Starting this week, fortune tellers in Warren, Mich., must be fingerprinted and pay an annual fee of $150 — plus $10 for a police background check — to practice their craft. The new rules are among America’s strictest on palmists, fortune readers and other psychics, part of a growing push to regulate a business that has never been taken, or overseen, very seriously. But officials in Warren, a town of 138,000 near Detroit, say it’s time to weed out tricksters.
“We had no mechanism of enforcement to protect people against unsavory characters,” Warren city-council member Keith Sadowski says. “We want to be sure there is some recourse in case we do get somebody who is not legitimate.”
Regulating an industry that deems itself clairvoyant, has no standard education requirements and yet rakes in cash for revealing spiritual truths may itself be an act of faith. It also might make good economic sense: about 1 in 7 Americans consulted a psychic or fortune teller in 2009, according to the Pew Forum on Religion and Public Life. That could be 30 million or more people. (See people finding God on YouTube.)
Municipalities are struggling to manage their activities. Annapolis, Md., issues what it calls a “fortune-telling license” only if its police force concludes the applicant is “of good moral character.” Last year, Will County, Illinois, decided to count fortune telling as an official business (along with tattooing and dog watching). Three years ago, Salem, Mass., famous for its 17th century witch trials — and something of a magnet for spiritual artisans — tightened its rules on background checks for psychics while easing its cap on the number of local fortune tellers allowed in town.
Warren’s beefed-up regs came about this spring when Matt Nichols, a Warren police officer, told the city council that the town appeared vulnerable to fortune-telling crime. Once a year since at least 2005, Nichols says, he has had to try to persuade a psychic to return jewelry or cash taken from a client in exchange for performing spells or freeing the client from a curse. But since no regulations barred such acts, criminal charges weren’t an option.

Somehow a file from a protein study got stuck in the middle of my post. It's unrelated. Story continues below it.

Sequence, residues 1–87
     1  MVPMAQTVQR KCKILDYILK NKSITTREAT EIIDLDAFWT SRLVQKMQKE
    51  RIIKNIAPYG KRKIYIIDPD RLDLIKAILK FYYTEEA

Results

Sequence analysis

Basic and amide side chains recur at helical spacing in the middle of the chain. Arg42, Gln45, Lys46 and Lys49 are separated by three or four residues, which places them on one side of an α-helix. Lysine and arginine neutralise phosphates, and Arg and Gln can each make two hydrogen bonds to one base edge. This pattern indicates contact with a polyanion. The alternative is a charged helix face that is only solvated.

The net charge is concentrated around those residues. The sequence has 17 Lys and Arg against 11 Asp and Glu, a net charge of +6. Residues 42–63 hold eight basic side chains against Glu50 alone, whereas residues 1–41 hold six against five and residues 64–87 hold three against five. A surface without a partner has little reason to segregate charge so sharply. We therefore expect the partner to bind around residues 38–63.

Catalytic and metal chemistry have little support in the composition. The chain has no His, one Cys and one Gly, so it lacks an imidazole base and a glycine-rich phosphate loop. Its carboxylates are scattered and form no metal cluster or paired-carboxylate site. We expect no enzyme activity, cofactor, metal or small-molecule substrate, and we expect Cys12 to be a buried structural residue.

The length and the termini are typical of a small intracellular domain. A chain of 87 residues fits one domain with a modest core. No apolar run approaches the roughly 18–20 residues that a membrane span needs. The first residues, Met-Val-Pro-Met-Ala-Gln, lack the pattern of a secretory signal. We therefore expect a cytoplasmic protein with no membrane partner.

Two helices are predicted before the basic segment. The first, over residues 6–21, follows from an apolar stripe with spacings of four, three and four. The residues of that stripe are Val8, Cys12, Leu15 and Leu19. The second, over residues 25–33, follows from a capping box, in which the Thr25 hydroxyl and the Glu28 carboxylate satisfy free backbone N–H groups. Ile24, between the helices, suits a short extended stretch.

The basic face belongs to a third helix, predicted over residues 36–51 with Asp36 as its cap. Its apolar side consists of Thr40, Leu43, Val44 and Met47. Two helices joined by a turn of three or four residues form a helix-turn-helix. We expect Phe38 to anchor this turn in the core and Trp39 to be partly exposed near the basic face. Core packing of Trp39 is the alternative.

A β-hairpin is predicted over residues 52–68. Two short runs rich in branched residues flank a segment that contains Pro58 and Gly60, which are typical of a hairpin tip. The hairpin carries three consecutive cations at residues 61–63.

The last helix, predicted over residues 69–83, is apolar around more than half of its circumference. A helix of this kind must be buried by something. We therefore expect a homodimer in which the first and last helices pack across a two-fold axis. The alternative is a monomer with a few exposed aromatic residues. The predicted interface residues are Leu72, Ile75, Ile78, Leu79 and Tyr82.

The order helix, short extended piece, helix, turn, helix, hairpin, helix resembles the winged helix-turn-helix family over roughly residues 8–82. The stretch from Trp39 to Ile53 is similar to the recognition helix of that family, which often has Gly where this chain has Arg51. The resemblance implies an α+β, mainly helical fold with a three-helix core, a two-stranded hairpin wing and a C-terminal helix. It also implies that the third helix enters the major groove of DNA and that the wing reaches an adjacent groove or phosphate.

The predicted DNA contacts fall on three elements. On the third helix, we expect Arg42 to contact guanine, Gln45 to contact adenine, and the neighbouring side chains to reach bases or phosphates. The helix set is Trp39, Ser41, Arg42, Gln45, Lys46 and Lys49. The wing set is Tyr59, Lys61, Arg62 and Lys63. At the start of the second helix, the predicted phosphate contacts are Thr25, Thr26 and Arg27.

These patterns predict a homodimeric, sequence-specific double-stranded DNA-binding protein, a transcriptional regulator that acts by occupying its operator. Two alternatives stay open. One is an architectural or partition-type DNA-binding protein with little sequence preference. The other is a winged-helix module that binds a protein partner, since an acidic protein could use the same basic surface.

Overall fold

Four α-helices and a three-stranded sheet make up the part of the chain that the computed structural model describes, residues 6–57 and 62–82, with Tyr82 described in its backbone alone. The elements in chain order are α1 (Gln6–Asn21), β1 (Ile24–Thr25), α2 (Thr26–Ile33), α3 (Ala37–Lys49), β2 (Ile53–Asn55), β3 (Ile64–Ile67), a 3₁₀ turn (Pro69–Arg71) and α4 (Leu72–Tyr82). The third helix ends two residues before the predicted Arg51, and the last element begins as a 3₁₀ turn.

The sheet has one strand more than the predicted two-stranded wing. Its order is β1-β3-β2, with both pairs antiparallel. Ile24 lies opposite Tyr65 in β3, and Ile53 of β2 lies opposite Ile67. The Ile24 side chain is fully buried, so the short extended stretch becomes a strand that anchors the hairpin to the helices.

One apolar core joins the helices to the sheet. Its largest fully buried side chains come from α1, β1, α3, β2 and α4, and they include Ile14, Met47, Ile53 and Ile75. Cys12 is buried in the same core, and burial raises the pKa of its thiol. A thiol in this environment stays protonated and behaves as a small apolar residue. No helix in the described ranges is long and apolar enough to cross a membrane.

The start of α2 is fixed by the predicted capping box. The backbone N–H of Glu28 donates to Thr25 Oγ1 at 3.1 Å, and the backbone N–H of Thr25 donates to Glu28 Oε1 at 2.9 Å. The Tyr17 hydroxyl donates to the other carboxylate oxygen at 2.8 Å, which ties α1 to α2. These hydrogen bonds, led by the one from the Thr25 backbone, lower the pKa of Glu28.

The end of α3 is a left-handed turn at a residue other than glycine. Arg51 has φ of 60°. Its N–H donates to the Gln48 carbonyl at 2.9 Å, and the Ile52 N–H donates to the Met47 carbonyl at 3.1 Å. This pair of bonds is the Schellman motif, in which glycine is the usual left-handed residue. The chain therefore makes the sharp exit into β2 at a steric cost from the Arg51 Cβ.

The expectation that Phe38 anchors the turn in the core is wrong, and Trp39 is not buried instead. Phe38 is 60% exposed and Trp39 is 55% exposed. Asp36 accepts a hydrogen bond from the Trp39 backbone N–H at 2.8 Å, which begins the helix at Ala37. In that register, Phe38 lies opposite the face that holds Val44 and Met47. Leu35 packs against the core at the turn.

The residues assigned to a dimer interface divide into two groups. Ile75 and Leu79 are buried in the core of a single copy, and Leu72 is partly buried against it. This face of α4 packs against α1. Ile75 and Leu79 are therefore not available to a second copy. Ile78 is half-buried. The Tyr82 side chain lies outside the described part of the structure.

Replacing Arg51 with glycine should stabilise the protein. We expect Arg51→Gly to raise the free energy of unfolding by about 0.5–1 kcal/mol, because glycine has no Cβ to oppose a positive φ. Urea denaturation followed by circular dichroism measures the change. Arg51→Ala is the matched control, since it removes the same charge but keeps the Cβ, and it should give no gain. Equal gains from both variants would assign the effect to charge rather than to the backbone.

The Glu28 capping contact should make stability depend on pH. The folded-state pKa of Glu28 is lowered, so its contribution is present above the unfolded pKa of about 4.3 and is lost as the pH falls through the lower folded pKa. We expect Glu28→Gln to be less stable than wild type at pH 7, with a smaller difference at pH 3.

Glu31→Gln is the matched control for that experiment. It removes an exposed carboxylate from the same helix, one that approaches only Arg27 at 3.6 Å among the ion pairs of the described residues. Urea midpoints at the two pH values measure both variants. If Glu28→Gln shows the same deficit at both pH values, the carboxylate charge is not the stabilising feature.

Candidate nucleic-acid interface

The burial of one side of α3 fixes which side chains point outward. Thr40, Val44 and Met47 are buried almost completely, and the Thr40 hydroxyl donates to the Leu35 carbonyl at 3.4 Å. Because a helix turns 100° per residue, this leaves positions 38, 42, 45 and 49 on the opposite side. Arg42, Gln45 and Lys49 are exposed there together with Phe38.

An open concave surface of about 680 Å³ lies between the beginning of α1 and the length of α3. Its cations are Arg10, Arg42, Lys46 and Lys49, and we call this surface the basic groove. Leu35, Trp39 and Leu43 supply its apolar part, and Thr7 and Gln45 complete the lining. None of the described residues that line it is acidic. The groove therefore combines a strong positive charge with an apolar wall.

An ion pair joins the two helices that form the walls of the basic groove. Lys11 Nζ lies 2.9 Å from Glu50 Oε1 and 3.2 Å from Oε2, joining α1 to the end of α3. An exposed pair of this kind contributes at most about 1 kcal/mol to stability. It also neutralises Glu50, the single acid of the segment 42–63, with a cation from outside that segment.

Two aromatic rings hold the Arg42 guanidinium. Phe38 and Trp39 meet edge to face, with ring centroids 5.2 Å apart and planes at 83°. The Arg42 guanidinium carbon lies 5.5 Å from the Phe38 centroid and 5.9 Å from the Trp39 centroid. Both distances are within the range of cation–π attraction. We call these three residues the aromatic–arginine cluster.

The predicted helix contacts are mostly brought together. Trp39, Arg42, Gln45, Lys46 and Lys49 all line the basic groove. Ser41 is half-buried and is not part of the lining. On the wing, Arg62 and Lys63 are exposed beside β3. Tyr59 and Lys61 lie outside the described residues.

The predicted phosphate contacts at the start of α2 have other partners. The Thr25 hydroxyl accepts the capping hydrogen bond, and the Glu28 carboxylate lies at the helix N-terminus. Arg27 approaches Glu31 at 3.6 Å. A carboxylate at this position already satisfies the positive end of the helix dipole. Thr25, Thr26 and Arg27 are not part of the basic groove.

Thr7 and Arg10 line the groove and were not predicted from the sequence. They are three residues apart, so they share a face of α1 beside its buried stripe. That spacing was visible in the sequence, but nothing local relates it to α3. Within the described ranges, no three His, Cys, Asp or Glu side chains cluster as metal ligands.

“We are not looking to do anything to oppress people’s beliefs,” argues Nichols, who is also a member of the National Association of Bunco Investigators, a nonprofit group dedicated to combating scams and cons. “We are looking to specifically identify crime and people who prey on the vulnerable.”
That makes sense, given the harm unscrupulous fortune tellers can inflict. Psychic Gina Marie Marks pleaded guilty Wednesday, Sept. 1, in Florida to grand theft and organized fraud.
One of her victims testified that Marks swindled her out of $312,926.29 — and persuaded her to get a tattoo, to boot.
It’s now “a constant reminder of the psychological abuse I endured at the hands of this false prophet,” she told a Broward County judge. (See pictures of spiritual healing around the world.)
But other observers, peering into their own crystal balls, see new worries. Michael Steinburg, of the Michigan branch of the ACLU, suggests Warren’s policy may jeopardize those practicing yoga or predicting the weather.
“It makes it illegal to say incantations to give good luck without having a license,” he tells TIME. The ACLU has defended the free-speech rights of Maryland fortune teller Nick Nefedro, who won his case in June to operate a shop in the Washington, D.C., suburbs. (In that case, the judge even challenged a common stereotype: “We are not, however, persuaded that all fortune telling is fraudulent,” Clayton Greene Jr. wrote.)
But the transparency that regulation requires seems to be in short supply.
Several psychics contacted by TIME refused to discuss their practices. Others, like members of the Astrology Association of St. Petersburg, Fl., fear discrimination may result. Some psychics, sensing the way the wind is blowing, are developing codes of ethics to ensure honest clairvoyance. Southern California medium Linda Mackenzie, for example, promises to not use her powers for personal gain or revenge. Allie Theiss, a psychic in Wooster, Ohio, posts a confidentiality agreement on her website and assures potential customers that readings are done without regard for a client’s race, gender, creed, color or sexual orientation. (Comment on this story.)
Not all psychics fear tougher government oversight.
“I think it’s wonderful,” Julia Mary Cox, a Michigan psychic plying her craft near Warren, says of the town’s new rules. “There are so many people practicing out there, doing it under false pretenses, giving honest people a bad name.”
But she concedes she wishes Warren’s new rules could more clearly separate true fortune tellers from false seers. “They are not looking at any training,” she notes. “I have a college degree, I have a background in religion and philosophy and English, and I have experience doing this.”
While all that may be true, it’s also irrelevant. Cox concedes there’s nothing like a driver’s test for oracles.
“There aren’t any classes you can take where you say, ‘Here are three boxes. Which box holds the apple?’ ” But given Americans’ hunger to know the unknowable — and their willingness to pay for it — it’s a safe bet that psychics are going to keep peddling predictions, regulated or not.